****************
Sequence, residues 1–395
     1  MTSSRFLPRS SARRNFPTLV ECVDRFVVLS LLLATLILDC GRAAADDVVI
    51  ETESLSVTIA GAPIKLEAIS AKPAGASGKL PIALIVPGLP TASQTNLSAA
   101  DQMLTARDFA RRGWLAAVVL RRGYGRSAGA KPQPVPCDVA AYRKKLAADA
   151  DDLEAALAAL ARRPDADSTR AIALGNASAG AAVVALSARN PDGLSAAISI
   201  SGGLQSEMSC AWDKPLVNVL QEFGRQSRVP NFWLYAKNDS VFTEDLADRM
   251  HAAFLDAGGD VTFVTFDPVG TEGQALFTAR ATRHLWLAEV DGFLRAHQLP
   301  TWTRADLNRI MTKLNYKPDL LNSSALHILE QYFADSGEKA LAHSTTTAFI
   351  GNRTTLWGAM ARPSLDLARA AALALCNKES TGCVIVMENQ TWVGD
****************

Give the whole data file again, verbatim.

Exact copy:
Sequence, residues 1–395
     1  MTSSRFLPRS SARRNFPTLV ECVDRFVVLS LLLATLILDC GRAAADDVVI
    51  ETESLSVTIA GAPIKLEAIS AKPAGASGKL PIALIVPGLP TASQTNLSAA
   101  DQMLTARDFA RRGWLAAVVL RRGYGRSAGA KPQPVPCDVA AYRKKLAADA
   151  DDLEAALAAL ARRPDADSTR AIALGNASAG AAVVALSARN PDGLSAAISI
   201  SGGLQSEMSC AWDKPLVNVL QEFGRQSRVP NFWLYAKNDS VFTEDLADRM
   251  HAAFLDAGGD VTFVTFDPVG TEGQALFTAR ATRHLWLAEV DGFLRAHQLP
   301  TWTRADLNRI MTKLNYKPDL LNSSALHILE QYFADSGEKA LAHSTTTAFI
   351  GNRTTLWGAM ARPSLDLARA AALALCNKES TGCVIVMENQ TWVGD